While the United Nations is in the midst of its annual meeting of the Commission on the Status of Women, as usual, abortion and gender ideology are corrupting what should be a conversation about women’s rights. Many of the activists at this feminist fest seem confused about who women are and what they need.
Two dangerous ideas are at play at CSW. First, ideologues seek to displace “sex” with an amorphous notion of “gender identity,” which is independent of the body. In their view, anyone can identify as—and ipso facto be—a woman. Second, they pit women’s empowerment against a basic biological aspect of what it means to be a woman—the capacity to conceive and bear a child. Together, these related ideas are a two-pronged, frontal assault on the dignity of women.
The governments driving the agenda at CSW are from the West; leading the way are the U.S., European Union, and Nordic countries. These countries contribute the most funding to U.N. agencies and programs, which lends their voices extra weight. They are pushing for a CSW outcome document that reflects this sexual agenda. This would be another step toward their goal of giving the U.N. system itself a mandate to promote abortion and gender ideology.
The outcome document under negotiation is replete with euphemisms. “Sexual and reproductive health” is used to encompass “safe abortion.” “Comprehensive information about sexual and reproductive health” is the new lingo for “comprehensive sexuality education.” (That term has been exposed as containing explicit sexual material.) Newer phrases such as “multiple and intersecting forms of discrimination” are supposed to be more palatable to critics of “sexual orientation and gender identity.” But these are just new words to disguise the same old agenda.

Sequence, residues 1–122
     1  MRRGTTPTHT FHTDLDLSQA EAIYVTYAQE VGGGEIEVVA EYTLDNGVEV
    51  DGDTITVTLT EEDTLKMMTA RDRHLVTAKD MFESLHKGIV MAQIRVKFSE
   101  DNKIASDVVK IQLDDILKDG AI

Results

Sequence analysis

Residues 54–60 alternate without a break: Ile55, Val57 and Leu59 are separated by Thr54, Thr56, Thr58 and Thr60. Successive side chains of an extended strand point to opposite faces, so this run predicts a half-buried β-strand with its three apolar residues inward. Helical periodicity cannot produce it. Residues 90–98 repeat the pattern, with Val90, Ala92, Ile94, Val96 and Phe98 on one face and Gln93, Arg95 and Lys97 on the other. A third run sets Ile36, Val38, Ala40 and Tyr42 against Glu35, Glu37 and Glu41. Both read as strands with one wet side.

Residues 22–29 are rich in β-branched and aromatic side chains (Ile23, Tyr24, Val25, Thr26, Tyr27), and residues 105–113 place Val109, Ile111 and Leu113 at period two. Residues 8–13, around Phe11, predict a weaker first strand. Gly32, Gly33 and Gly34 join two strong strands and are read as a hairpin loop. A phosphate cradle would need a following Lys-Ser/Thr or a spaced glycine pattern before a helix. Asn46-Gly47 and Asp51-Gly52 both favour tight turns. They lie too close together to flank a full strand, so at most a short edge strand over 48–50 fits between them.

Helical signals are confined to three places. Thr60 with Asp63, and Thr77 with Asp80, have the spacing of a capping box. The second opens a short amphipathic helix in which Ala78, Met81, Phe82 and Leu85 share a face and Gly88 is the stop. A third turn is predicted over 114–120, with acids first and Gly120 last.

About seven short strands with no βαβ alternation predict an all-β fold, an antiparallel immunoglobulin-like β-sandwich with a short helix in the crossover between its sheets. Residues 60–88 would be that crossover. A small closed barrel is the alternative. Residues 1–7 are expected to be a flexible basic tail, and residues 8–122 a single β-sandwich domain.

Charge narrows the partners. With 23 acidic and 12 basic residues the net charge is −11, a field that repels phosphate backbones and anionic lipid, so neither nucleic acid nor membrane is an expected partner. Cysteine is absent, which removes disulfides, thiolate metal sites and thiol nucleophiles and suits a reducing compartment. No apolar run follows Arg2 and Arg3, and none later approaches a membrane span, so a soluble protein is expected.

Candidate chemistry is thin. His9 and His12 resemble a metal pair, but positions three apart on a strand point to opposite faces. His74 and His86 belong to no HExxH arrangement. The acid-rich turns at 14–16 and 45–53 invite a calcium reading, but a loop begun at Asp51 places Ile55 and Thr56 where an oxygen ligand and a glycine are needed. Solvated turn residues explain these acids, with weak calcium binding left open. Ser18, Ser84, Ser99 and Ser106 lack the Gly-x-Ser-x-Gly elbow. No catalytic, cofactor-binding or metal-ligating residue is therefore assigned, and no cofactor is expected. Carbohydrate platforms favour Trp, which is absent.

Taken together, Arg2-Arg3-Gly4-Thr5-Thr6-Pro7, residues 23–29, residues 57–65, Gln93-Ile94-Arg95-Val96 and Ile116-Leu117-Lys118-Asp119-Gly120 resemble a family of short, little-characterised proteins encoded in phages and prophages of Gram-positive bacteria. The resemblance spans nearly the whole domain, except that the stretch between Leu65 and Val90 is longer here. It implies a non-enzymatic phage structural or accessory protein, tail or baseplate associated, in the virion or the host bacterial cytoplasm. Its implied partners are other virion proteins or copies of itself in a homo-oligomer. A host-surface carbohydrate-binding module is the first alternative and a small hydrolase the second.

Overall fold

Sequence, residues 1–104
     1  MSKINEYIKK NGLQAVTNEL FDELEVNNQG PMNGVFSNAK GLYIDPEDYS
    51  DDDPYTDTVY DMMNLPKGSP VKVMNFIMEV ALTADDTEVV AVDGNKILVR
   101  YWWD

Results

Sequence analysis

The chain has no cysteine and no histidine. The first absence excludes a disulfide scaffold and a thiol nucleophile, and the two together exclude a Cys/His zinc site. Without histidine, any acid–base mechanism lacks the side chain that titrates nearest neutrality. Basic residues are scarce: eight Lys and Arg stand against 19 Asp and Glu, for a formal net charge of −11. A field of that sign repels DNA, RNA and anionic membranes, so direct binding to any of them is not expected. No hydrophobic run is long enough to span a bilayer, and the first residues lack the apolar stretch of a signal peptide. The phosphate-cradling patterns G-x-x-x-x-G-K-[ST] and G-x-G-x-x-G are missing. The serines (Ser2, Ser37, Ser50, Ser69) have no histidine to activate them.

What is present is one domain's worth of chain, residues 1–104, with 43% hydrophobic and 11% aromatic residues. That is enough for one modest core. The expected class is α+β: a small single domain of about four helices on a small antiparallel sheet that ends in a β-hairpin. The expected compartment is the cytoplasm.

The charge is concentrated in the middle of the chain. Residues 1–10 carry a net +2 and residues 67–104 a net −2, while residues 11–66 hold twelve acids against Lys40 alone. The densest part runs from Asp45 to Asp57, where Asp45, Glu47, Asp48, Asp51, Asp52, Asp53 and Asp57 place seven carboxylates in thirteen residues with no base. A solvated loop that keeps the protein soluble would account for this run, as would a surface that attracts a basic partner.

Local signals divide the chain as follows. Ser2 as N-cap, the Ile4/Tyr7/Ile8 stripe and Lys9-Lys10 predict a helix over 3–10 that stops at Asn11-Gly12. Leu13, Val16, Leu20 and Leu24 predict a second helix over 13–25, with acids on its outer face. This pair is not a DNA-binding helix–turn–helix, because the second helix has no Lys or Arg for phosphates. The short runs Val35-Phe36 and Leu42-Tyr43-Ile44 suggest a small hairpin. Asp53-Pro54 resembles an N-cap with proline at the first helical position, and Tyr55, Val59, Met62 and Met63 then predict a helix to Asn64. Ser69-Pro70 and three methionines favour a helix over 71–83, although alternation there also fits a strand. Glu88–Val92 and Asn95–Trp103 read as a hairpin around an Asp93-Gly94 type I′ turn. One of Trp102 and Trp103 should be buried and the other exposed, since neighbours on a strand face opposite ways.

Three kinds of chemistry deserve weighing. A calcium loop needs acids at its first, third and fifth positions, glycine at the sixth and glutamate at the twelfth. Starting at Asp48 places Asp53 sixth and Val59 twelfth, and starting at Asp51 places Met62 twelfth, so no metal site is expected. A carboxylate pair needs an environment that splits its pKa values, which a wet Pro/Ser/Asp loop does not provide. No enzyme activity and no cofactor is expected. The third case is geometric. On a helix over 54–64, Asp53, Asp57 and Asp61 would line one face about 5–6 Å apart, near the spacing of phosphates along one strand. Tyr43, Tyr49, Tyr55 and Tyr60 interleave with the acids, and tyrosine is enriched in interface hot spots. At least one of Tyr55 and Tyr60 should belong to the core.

Don’t expect the U.S. government to object. Under President Joe Biden, it has gone all-in on gender ideology. The State Department recently honored a man who masquerades as a woman with the International Women of Courage Award.
In public, U.S. officials use popular language about “women and girls” and “gender equality.” But in closed negotiations, they press for “women in all their diversity” and refer to “gender equity.” These terms are much less popular—both at home and abroad.
The Left often disguises its support for gender ideology, but it makes no secret of its advocacy of abortion. In her national statement to the commission, U.S. Ambassador Linda Thomas-Greenfield referred to the Dobbs decision that overturned Roe v. Wade. “I have traveled the globe advocating for women’s rights,” she said, “and it pains me to know that so many in my own country want to undo fundamental rights.”
In fact, abortion is not a fundamental right, nor is it guaranteed by any international human rights treaty. But abortion advocates such as Thomas-Greenfield gloss over that crucial detail.
At the opening of the CSW, U.N. Secretary-General Antonio Guterres said that “women’s sexual and reproductive rights are being rolled back.” He urged delegates to “push back against the pushback on women’s rights.”
For years, abortion proponents at the U.N. have been talking about “pushing back against the pushback” to their gender goals. Last week, the Nordic countries hosted an event titled “Pushing back the pushback” and handed out tote bags to attendees emblazoned with that slogan. The speakers railed against “toxic masculinity” and called for upending “the patriarchy.”
The sexual Left may seem to be everywhere. But its opponents—whom it calls “the pushback”—are the quiet majority. While lacking the resources and clout of Europe and the U.S., most countries in the world are pro-life and pro-family. They value religious belief and tradition. They want solutions that respect the unique differences and capabilities of women and girls.
Gender and abortion activists, in contrast, seek to erase biology from womanhood and motherhood. These goals serve neither women nor girls. As the commission comes to a close this week, delegates should reject both prongs of the sex agenda of the West. It doesn’t represent the globe, and it shouldn’t represent the U.S. and its allies.
This piece originally appeared in the Washington Examiner